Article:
Monument 14 (Monument 14 Series #1)

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Your mother hollers that you're going to miss the bus. She can see it coming down the street. You don't stop and hug her and tell her you love her. You don't thank her for being a good, kind, patient mother. Of course not--you launch yourself down the stairs and make a run for the corner.

Only, if it's the...

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Monument 14 (Monument 14 Series #1)

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Your mother hollers that you're going to miss the bus. She can see it coming down the street. You don't stop and hug her and tell her you love her. You don't thank her for being a good, kind, patient mother. Of course not--you launch yourself down the stairs and make a run for the corner.

Only, if it's the last time you'll ever see your mother, you sort of start to wish you'd stopped and did those things. Maybe even missed the bus.

But the bus was barreling down our street, so I ran.

Fourteen kids. One superstore. A million things that go wrong.

In Emmy Laybourne's action-packed debut novel, six high school kids (some popular, some not), two eighth graders (one a tech genius), and six little kids trapped together in a chain superstore build a refuge for themselves inside. While outside, a series of escalating disasters, beginning with a monster hailstorm and ending with a chemical weapons spill, seems to be tearing the world--as they know it--apart.

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Editorial Reviews

From Barnes & Noble

Ever since September 11th, thoughts of catastrophe have been haunting us all; and now thanks to radical climate change and global disasters, those fears have been bubbling more quickly to the surface. In Emmy Laybourne's debut novel, a mismatched group of high school students, eighth graders, and half a dozen younger kids find themselves fighting for their survival. Another apocalypse now novel for teens.

Publishers Weekly
Actress/screenwriter Laybourne’s debut ably turns what could have been yet another postapocalyptic YA novel into a tense, claustrophobic, and fast-paced thriller. In the not-too-distant future, a sudden hailstorm—just one small part of a massive environmental cataclysm—forces 14 Colorado students on their way to school to take refuge in a superstore. Cut off from the previously ubiquitous Network (with only one old TV as an occasional information source), they must cope with the standard personality conflicts and also a biochemical weapon leak that causes behavioral shifts in some of the kids. Bookish Dean narrates, observing his own jealousies and concerns, as well as the way the popular kids—like football players Jake and Brayden, and diving champ Astrid—are forced to question their place in the new social order. Although violence (including a sexual assault) is pervasive, it’s rarely graphic and never gratuitous. Laybourne successfully develops a large cast of characters of assorted ages, and if the ending seems designed to tease a sequel, the story still stands well on its own. Ages 13–up. Agent: Susanna Einstein, Einstein Thompson Agency. (June)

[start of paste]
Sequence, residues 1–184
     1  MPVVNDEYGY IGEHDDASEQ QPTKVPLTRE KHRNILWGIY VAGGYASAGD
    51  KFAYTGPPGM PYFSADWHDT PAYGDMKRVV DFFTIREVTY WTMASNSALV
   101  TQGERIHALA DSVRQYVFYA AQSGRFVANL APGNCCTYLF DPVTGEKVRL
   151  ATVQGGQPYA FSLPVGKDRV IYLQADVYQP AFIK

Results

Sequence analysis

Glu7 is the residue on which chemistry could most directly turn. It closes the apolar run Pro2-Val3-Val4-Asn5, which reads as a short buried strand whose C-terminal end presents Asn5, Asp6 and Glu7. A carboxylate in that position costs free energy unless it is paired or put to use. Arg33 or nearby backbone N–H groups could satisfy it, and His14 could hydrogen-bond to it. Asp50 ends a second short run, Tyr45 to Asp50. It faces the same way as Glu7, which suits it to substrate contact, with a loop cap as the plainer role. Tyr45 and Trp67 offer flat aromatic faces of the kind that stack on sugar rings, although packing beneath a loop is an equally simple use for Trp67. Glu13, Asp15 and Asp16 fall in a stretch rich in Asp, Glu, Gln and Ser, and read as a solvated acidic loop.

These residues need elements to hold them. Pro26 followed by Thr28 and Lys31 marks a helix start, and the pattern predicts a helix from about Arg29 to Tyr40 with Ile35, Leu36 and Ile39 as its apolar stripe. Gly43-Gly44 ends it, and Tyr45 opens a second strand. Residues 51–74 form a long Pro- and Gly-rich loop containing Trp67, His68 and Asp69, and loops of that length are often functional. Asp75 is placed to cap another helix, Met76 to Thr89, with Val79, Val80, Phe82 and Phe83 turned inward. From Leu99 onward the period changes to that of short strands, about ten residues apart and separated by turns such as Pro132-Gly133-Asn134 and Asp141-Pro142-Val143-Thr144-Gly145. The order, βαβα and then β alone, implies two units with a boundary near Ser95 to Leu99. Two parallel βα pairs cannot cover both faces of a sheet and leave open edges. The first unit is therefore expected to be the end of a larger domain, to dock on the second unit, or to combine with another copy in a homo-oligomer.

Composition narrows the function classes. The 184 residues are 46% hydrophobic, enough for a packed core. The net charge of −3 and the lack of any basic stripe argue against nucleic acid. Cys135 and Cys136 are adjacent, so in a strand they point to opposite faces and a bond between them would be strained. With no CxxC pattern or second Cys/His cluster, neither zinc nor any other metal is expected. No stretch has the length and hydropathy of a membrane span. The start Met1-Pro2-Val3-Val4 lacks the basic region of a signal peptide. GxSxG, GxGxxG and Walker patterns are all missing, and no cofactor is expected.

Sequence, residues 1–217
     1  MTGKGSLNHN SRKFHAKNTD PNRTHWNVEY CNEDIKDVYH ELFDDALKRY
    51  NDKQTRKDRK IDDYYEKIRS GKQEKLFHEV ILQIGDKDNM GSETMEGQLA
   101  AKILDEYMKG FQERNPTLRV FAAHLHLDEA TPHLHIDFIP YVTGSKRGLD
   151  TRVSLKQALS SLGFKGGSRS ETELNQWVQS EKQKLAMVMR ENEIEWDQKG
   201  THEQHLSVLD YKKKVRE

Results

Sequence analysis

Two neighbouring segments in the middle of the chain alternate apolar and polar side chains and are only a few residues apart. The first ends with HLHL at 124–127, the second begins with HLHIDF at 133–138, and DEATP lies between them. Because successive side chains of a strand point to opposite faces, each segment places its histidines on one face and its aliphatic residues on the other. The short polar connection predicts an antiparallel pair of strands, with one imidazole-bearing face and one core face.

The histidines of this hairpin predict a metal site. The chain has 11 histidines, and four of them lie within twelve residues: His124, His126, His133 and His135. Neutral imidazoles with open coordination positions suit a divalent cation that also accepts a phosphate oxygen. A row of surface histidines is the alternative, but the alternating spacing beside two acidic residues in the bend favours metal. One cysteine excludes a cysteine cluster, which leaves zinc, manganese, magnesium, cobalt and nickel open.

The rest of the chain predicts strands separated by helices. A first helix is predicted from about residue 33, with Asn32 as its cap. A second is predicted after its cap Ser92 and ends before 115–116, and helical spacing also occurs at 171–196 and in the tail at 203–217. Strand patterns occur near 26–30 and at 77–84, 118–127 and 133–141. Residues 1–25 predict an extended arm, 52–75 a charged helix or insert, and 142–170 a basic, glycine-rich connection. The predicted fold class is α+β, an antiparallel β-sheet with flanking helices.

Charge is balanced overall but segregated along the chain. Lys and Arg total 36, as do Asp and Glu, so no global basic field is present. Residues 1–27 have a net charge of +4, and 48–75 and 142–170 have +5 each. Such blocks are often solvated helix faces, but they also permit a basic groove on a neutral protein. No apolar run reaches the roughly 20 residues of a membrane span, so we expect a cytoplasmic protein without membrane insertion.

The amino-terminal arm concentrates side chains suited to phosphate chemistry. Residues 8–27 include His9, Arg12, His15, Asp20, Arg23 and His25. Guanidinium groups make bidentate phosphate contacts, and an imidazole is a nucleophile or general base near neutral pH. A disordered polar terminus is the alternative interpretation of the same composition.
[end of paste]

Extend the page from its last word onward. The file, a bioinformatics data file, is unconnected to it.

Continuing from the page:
Children's Literature - Kathie M. Josephs
The quotation, "Live each day as if it was your last" certainly is perfect for this book. Two brothers raced to catch two different school buses. On the bus ride to school a strange thing started to happen. The bus in front was pelted with what everyone thought was rain, but was really hail that caused both buses to wreck. Those who were able to get out of the bus before it blew up ended up trapped in a chain superstore. There were six kids in high school, two in eighth grade, and six little ones. They go to work and build a refuge for themselves inside, while terrible disasters are happening outside. Some of these disasters are earthquakes, chemical weapon spills, and many unknown events. The students have to learn to get along and work together, which is difficult (to say the least) for some. Fortunately, there were necessities like food, chairs, clothes, and bathrooms in the store, but the little ones miss their mothers, other kids fight, and everyone is just plain scared. The author begins this book with a bang and it continues throughout the novel. It gives the reader a lot to think about and makes you wonder what you would have done differently from the kids in the story. The first paragraph sets the tone for the book and never lets the reader down. Reviewer: Kathie M. Josephs
VOYA - Eileen Kuhl